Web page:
Pascaline Dupas and co-authors Agness, Baseler, Chassang, and Snowberg leverage individual choice data they generate on farmers in western Kenya to solve a general problem: do behavioral phenomena drive individual choices when trading off cash for time, or cash and time for goods?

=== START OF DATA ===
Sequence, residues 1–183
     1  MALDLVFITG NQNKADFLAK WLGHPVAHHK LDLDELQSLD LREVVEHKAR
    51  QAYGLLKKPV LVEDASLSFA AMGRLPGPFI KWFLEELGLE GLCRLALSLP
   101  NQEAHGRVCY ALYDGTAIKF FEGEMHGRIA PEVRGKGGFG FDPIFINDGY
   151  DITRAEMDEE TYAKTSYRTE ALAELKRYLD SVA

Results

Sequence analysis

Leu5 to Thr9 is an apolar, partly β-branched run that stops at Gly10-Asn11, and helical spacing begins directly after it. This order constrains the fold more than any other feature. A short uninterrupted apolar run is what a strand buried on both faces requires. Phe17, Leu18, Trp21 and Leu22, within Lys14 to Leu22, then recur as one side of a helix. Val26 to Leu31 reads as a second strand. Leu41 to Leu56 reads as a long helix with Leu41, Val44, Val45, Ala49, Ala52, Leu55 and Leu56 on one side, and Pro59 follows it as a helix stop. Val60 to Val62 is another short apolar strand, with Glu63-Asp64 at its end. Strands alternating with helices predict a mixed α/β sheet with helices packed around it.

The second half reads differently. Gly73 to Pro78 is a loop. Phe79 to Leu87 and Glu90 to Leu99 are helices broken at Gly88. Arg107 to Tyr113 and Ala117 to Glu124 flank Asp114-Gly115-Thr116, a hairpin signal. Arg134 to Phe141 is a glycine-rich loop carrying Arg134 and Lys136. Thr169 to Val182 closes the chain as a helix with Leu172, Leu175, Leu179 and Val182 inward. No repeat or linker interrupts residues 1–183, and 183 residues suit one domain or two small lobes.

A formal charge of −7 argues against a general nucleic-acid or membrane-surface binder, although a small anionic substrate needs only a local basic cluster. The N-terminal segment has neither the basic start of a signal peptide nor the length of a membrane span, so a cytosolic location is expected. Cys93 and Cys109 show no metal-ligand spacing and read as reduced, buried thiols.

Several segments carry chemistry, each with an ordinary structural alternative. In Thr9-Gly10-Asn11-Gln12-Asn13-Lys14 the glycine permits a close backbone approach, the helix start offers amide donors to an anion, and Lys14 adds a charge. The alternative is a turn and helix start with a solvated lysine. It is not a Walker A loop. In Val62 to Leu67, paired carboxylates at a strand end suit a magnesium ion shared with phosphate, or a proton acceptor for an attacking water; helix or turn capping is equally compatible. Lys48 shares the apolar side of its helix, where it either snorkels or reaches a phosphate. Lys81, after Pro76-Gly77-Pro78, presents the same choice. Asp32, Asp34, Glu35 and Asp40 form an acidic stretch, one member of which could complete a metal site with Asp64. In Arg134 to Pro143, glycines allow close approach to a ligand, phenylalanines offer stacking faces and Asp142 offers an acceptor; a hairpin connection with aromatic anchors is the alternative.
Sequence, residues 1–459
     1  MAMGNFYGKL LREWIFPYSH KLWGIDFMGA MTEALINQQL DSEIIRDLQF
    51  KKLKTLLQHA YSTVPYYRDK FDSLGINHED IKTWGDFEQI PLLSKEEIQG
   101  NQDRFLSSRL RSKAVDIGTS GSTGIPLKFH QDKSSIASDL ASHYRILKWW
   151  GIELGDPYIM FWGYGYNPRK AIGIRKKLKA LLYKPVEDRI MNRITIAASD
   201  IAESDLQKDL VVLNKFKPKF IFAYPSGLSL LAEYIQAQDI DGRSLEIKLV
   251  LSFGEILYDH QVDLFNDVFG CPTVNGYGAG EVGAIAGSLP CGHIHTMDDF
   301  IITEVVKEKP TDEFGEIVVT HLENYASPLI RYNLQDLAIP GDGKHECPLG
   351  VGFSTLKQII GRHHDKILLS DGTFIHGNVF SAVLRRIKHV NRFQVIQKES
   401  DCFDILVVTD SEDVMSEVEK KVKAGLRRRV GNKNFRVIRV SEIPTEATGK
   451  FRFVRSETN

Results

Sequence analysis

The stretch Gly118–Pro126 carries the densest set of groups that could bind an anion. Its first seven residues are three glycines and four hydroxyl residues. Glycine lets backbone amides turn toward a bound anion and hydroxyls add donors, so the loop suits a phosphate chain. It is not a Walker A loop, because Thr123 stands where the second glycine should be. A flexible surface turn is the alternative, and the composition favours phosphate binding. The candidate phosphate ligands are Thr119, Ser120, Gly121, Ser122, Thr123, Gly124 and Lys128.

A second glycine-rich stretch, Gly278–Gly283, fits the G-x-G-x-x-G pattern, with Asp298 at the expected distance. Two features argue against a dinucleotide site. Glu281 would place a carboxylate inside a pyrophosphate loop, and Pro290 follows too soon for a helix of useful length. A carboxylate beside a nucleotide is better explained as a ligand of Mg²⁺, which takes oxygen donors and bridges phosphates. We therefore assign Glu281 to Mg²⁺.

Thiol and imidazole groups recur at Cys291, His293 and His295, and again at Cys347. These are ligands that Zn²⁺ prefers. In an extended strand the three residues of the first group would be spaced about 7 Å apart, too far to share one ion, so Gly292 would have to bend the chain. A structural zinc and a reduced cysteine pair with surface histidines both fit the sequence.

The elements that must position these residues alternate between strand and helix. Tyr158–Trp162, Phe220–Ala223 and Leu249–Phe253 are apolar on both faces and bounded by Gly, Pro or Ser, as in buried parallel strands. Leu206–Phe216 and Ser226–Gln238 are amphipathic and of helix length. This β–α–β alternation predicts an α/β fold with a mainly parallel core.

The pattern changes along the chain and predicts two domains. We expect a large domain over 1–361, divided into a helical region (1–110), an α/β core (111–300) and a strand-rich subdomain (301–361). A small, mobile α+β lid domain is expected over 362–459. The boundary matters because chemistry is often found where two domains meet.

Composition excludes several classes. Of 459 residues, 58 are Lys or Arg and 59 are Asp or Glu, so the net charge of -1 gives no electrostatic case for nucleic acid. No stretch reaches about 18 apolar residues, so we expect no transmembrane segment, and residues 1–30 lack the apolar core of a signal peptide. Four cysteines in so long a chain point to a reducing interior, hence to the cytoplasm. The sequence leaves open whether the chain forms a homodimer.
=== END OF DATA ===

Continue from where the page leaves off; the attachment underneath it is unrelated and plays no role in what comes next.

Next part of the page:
People’s value for their own time is a key input in evaluating public policies: evaluations should account for time taken away from work or leisure as a result of policy. Using rich choice data collected from farming households in western Kenya, we show that households exhibit nontransitive preferences consistent with behavioral features such as loss aversion and self-serving bias. As a result, neither market wages nor standard valuation techniques (such as the BeckerDeGroot-Marschak—BDM—mechanism of Becker et al., 1964) correctly measure participants’ value of time. Using a structural model, we identify the mix of behavioral features driving our choice data. We find that these features distort choices when exchanging cash either for time or for goods. Our model estimates suggest that valuing the time of the self-employed at 60% of the market wage is a reasonable rule of thumb.